City Moment – The Privacy of The Midnight Poets, Suleman Tea Stall
The remarkable Delhi instant.
[Text and photos by Mayank Austen Soofi]
One late night The Delhi Walla entered the Suleman Tea Stall at Chitli Qabar Chowk. It was empty except for five men who occupied a table at the end.
They were all Urdu poets, but they depend on other professions to make a living.
Munir Hamdam of Turkman Gate Mohalla publishes E-books. Rauf Raza of Chitli Qabar is an interior decorator. Javed Mushiri of Ballimaran is a journalist with Siyasi Taqdeer newspaper. Javed Niyazi of Kucha Rohilla Khan has a “rubber business”. Iqbal Firdausi of Baradari runs a small factory that manufactures drum sets and harmonium parts.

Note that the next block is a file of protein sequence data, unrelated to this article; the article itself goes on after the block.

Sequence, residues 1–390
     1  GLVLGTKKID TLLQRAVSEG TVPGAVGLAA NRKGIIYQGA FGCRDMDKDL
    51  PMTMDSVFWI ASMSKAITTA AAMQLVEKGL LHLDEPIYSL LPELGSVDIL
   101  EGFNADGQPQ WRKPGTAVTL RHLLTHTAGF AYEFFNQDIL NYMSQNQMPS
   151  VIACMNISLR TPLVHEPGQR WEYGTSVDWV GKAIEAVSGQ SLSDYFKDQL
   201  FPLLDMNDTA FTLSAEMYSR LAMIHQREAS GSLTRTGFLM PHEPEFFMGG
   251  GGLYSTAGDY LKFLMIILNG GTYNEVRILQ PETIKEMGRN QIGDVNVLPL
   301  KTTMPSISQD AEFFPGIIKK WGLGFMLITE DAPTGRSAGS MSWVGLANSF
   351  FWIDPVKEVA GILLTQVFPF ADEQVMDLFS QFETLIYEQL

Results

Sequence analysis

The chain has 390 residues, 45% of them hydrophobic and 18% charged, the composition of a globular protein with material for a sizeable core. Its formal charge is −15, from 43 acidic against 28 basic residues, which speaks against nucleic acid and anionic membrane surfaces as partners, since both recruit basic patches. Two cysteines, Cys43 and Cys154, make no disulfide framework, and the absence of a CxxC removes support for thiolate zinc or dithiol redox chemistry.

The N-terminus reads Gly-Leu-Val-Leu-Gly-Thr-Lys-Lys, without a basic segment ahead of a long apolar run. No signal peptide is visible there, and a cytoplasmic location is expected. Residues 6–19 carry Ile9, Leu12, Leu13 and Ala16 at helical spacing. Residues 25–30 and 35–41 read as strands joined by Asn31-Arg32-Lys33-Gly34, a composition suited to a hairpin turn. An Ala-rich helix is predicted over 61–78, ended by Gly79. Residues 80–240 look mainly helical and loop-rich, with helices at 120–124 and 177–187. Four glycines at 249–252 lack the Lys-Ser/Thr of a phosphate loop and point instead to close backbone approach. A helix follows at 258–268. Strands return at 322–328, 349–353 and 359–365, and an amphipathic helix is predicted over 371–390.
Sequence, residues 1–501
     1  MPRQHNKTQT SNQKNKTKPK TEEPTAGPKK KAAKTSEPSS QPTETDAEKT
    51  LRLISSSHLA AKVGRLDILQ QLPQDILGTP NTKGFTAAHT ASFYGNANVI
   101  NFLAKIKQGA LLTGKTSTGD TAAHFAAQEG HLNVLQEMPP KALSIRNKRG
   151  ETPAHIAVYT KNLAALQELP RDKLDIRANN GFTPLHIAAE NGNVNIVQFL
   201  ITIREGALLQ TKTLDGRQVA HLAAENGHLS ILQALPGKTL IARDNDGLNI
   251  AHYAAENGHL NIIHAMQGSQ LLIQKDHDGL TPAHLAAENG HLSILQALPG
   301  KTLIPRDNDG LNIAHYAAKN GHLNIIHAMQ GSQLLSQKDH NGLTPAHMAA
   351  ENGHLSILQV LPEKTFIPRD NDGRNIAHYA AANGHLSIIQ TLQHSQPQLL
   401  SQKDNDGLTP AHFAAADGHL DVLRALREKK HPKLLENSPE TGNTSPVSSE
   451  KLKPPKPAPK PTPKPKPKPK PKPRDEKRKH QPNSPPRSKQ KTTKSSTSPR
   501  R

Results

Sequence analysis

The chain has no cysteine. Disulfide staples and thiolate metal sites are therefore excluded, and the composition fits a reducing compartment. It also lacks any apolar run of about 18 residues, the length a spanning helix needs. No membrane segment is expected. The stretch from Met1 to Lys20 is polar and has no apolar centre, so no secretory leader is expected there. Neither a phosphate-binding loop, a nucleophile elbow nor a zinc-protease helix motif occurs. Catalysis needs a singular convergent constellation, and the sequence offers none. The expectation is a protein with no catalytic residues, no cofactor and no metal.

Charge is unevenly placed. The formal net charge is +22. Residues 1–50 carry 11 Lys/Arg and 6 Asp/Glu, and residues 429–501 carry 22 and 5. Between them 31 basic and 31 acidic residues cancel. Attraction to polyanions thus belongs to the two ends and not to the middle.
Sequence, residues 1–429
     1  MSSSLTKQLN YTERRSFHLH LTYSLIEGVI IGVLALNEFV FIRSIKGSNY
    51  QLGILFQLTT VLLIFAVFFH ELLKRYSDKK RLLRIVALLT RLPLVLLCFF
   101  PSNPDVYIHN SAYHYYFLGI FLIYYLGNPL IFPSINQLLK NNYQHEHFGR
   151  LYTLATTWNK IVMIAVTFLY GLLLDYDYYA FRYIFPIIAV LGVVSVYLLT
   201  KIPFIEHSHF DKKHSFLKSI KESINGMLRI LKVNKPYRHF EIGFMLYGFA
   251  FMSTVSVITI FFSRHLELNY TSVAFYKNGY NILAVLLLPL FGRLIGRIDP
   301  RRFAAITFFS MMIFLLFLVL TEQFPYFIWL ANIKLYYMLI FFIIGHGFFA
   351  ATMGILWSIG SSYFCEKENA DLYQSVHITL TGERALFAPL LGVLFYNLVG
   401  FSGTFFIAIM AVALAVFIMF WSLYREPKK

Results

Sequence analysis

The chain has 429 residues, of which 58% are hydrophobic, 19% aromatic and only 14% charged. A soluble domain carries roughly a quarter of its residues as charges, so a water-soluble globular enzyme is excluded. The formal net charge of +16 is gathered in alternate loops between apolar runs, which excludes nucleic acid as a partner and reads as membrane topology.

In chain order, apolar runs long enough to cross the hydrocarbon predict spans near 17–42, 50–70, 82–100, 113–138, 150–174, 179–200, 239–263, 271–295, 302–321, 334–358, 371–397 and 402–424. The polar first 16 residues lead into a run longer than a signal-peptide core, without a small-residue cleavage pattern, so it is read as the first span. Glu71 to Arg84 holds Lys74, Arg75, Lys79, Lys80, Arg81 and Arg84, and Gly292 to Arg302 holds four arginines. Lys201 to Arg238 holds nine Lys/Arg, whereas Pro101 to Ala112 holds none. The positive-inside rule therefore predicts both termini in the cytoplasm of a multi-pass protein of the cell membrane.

All these men said that they discuss poetry, politics and cricket late into the night at this teahouse. They also said that their families are used to their nocturnal outing.
There was a awkward pause in the conversation, probably because of the new company.
Poet Munir Hamdam tried to break the ice by ordering yet another round of steaming hot tea for everyone. There was nothing of Old Delhi in the chai. It had less milk, less sugar and it was very strong.
Finally, Iqbal Firdausi, the oldest among the five poets, turned towards me and said in an extremely gentle voice, “Now, if you don’t mind, dear sir, please leave us with ourselves. It is time for us to share our new verses.”
It was a beautiful moment.
The midnight poets
1. (Poet Munir Hamdam)
2. (Poet Rauf Raza)
3. (Poet Javed Mushiri)
4. (Javed Niyazi)
5. (Poet Iqbal Firdausi)